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Worked Examples and Metacognition

This is the latest post as we continue with our analysis of Craig Barton’s book, How I Wish I’d Taught Maths about evidence-based education. Today we will talk about the chapter that discusses the use of worked examples and their relation to metacognition. Together they are a fundamental element of the learning process.

What Are Worked Examples? Are They Good for Learning?

Worked examples are not an exceptionally new idea. It is well known that they are the exercises and problems used in explanations to link abstract knowledge with a practical representation and application. However, these examples are commonly hidden at the time of the student’s practice. This is done in order to get them to ‘try and practice’.

There are students who, with a single exposure to an example, have the ability to acquire the knowledge and use it in other situations. But there are other students who, in this heuristic process, need more exposure or manipulation time with the worked example. However, this is not because they want to ”copy” or ”are lazy and don’t want to think.” Rather, their cognitive process requires it.

The worked examples are good for learning because they act as scaffolding during the process. They allow students to establish cognitive connections between previous knowledge and knowledge to be acquired. As well as between the conceptualization of that knowledge and its implementation in different situations.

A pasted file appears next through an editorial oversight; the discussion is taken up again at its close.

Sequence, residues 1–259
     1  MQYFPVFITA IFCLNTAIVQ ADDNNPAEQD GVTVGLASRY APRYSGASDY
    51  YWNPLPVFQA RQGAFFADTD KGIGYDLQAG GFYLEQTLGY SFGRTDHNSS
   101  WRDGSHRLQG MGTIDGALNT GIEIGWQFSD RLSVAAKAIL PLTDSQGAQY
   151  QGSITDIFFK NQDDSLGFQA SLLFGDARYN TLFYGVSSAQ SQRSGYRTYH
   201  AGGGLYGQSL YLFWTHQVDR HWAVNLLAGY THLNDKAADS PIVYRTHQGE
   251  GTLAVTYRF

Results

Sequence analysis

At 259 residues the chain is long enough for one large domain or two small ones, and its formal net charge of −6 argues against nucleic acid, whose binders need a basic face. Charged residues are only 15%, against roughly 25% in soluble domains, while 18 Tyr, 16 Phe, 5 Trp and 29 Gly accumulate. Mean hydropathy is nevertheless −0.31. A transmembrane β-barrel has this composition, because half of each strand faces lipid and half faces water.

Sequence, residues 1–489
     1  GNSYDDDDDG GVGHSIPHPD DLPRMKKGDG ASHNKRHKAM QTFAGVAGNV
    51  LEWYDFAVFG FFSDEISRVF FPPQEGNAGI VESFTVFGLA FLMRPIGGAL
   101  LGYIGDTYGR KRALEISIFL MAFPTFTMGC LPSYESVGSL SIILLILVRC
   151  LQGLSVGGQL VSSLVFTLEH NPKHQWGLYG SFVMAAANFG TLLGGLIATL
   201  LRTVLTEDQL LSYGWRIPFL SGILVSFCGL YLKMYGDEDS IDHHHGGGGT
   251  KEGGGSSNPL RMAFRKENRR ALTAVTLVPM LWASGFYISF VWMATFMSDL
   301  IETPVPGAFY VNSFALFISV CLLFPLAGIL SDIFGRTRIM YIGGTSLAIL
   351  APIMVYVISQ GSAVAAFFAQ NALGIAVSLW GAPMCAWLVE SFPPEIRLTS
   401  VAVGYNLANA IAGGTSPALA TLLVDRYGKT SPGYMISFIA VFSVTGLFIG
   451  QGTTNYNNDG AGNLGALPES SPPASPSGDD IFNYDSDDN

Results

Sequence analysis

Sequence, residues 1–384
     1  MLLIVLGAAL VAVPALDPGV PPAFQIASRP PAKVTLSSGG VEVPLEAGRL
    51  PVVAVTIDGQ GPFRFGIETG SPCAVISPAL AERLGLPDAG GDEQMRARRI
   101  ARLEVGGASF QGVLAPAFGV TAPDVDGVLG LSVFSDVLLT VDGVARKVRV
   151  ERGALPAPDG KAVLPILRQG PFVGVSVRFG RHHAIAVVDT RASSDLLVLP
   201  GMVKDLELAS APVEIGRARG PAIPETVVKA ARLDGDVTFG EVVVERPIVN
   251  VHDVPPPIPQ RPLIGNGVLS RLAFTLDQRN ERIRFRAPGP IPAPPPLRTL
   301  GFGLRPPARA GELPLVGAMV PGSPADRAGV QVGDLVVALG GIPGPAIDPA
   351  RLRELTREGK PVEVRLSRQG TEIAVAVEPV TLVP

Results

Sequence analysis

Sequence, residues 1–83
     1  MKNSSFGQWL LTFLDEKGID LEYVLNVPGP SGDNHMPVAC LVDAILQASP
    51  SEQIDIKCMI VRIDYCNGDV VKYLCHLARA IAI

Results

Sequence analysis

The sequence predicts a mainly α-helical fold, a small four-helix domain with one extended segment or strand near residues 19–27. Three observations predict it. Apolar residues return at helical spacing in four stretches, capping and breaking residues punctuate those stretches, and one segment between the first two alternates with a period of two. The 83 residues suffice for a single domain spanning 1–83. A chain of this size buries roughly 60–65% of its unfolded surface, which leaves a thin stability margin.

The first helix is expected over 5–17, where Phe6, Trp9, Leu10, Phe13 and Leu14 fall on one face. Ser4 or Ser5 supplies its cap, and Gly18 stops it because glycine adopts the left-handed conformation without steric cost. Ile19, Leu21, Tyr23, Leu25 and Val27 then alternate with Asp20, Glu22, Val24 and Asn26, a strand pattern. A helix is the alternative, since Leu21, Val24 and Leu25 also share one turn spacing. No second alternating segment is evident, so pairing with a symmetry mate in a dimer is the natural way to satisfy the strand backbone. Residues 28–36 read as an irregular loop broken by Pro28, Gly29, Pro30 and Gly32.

Because of this, at Smartick we develop exercises with worked examples that allow the student to reflect on the object of knowledge. They are able to apply their learning while also getting the support needed to verify their answers.

How Are Worked Examples Related to Metacognition?

Metacognition is the process of reflection and development of consciousness about one’s thoughts and learning processes. It is at this point that Craig Barton makes a real value proposition with the development of the enriched worked examples.

These enriched worked examples add a third element that invites reflection on the cognitive process that the student must carry out to apply the concept being worked on and integrate learning. Even though we recognize the beneficial impact that the use of worked examples can have on those students who need more exposure and manipulation time to work and apply concepts. The idea of worked examples is also to guide the student’s thinking and their use allows for this. It speeds up the learning process and reroutes it, which prevents the student from integrating incorrect structures caused by error production.

worked examples

Because of this, at Smartick we believe in scaffolding the learning process and in the importance that both the awareness of the process itself and the verification of results. For this reason, we study, learn and develop exercises that include the use of guided examples. This invites our students to utilize metacognition because learning is not only being able to apply knowledge but to explain the process as well.


  • Barton, Craig. “Introduction.” In How I Wish I’d Taught Maths: Lessons Learned from Research, Conversations with Experts, and 12 Years of Mistakes, 16-23. Melton, Woodbridge: John Catt Educational, 2018.

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